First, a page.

Time is of essence! In a one-hour workout, it’s difficult to achieve a proper warm-up, an adequate cardio workout, a challenging strength training segment, some postural exercises and an appropriate cool-down and stretch. How do we fit it all in?  Most people want results in the shortest period of time. Who wants to spend 2+ hours in the gym?

Full Body Exercises are the answer to your prayers. Incorporating exercises that combine lower body, upper body, trunk musculature and balance training all into one exercise accomplish three times as much training in the same amount of time. 

Full Body Training is also a more natural and functional way of training. Can you imagine any daily task that you complete regularly that involves only one joint or muscle group? Our bodies just don’t function in an isolated fashion. When you get out of a chair, bend down to pick something up or lift something to put it on a shelf, your entire body functions as a team. And all sports require your muscles to work together. And yet when we train in the gym, most people generally train their muscles separately focusing on only one body part at a time. It would be like a football coach taking each of his starting line players and training them individually before their first game. Even though each player may be in optimal physical conditioning, if the coach hasn’t pulled them together and scrimmage in order to learn to work together, their first game is going to be a disaster. For example, a Leg extension exercise works the quads independently but it doesn’t mean the quads will be able to work together well with the hamstrings or the trunk muscles. Full Body training teaches your muscles to work together as a team as they do in real life situations. During sports or recreational activities, your muscles have to learn to react, support and oppose each other effectively. 

Full Body training is an effective form of training both from a time efficiency and a functional perspective. Keep in mind, however, that it may take you a while before you can work up to this type of training. First, you have to learn how to execute each individual movement correctly and then you can start combining movements. 

stabilityballbenchpressb(2)Some examples of combination training exercises would be to combine lunges with an overhead press or squats with rows. What about performing bench step-ups with bicep curls? Try balancing on one leg when performing any upper body movement or lying over a stability ball when performing chest presses. When designing your program, analyze how you can take any exercise skill to the next level by combining two or three movements into one complex, compound movement. Not only will you be more efficient with your time but you will also be training your body in a way that mimics real-life movements.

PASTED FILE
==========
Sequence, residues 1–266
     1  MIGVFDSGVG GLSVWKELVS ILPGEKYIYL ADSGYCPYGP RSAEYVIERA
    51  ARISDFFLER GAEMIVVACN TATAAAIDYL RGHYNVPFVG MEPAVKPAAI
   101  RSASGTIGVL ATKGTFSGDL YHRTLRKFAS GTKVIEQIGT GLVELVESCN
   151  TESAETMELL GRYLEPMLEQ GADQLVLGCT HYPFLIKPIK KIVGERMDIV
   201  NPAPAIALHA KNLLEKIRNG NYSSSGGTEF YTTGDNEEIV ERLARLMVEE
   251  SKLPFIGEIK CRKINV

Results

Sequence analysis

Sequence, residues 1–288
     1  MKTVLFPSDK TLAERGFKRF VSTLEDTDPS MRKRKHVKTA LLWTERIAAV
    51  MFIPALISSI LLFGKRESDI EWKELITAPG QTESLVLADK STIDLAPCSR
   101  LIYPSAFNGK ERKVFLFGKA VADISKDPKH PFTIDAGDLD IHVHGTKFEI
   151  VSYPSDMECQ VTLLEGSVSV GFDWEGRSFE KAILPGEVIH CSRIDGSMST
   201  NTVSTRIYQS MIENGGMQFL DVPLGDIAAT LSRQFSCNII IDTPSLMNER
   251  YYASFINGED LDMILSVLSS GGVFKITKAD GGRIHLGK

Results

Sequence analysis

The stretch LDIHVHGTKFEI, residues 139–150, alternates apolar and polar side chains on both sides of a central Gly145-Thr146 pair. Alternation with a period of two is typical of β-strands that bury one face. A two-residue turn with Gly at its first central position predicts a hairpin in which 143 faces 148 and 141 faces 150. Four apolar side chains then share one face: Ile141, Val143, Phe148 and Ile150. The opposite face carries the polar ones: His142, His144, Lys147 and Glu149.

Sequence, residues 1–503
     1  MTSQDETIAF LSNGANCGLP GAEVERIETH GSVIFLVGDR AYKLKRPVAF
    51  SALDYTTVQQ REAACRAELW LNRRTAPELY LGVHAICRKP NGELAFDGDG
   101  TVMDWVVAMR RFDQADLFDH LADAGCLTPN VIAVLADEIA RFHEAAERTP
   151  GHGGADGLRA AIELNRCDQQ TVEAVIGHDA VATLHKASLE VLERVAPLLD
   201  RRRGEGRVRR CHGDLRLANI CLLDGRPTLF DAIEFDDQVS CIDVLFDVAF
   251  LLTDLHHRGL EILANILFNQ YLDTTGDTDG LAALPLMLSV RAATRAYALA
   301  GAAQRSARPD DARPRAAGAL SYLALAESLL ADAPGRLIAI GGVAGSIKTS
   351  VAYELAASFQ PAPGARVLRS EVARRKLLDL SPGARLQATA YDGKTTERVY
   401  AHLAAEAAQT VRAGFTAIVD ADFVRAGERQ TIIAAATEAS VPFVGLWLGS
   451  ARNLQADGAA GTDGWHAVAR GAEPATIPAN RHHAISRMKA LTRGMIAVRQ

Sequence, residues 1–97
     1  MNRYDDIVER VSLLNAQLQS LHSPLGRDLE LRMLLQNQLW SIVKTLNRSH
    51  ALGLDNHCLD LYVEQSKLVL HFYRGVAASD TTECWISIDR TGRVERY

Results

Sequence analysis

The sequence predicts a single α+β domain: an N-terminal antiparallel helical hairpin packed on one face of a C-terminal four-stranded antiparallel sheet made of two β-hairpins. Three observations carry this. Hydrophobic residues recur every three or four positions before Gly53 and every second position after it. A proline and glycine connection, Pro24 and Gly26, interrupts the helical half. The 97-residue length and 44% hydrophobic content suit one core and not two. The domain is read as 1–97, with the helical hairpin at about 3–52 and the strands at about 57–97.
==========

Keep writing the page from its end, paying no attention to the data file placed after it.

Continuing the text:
Here’s my 3 Favorite Full Body Movements:


Very few people like Burpees but the reality is they are a highly effective, full-body movement. You can start with a 4-point Burpee. Place your hands onto the floor about shoulder distance apart. Walk or jump your legs back into a plank position. Jump or walk your legs back towards your hands and then stand up and jump.

Squat & Row

Position yourself in front of a pulley system holding the handles and using an appropriate weight. Start by squatting down to a comfortable level. Then return to the starting position while you pull the arms into a Rowing movement.

Triple Threat

This movement is a Push-up, Row and Overhead Press. Start by holding weights in your hands. Drop down into a Push-up position and perform a push-up while holding the weights. While holding the plank position, now lift one arm and complete a single row while stabilizing. Do one each arm. Then walk or jump your legs back into towards your hands. Stand tall and press the arms overhead.

Yours in health & fitness,
Sherri McMillan

Cover Clover Run 2016Join us for the…..COUVE CLOVER RUN – 3, 7 & 10 MILES – March 25th, 2018
Celebrate in your festive green while running or walking 3, 7 or 10 miles along an extremely fast and scenic course to support local charities! We will make you earn your post-event party but it will be off the charts hosted by Main Event and other downtown Vancouver Pubs & Breweries.





Sherri McMillan

Sherri McMillan

Sherri McMillan, holds a master's degree in exercise physiology and has been inspiring the world to adopt a fitness lifestyle for more than 33 years. She has received numerous industry awards including 2010 CanFitPro International Presenter of the Year, 2006 IDEA Fitness Director of the Year, 1998 IDEA Personal Trainer of the Year, 1998 CanFitPro Fitness Presenter of the Year and 2005/2006 ACE Fitness Educator of the Year - Runner up. She is a fitness trainer, fitness columnist for various magazines and newspapers, author of five books and manuals including "Go For Fit - the Winning Way to Fat Loss" and "Fit over Forty" and the featured presenter in various fitness DVDs. She has presented hundreds of workshops to thousands of fitness leaders throughout Canada, Australia, Mexico, Jamaica, New Zealand, Germany, England, Spain, South America, Asia and the U.S. She is the owner of Northwest Personal Training in downtown Vancouver, the founder of WHY Racing Events & WHY Community, participates in various community fundraisers and can be found running, biking, or hiking around the community. Find more information at nwpersonaltraining.com.

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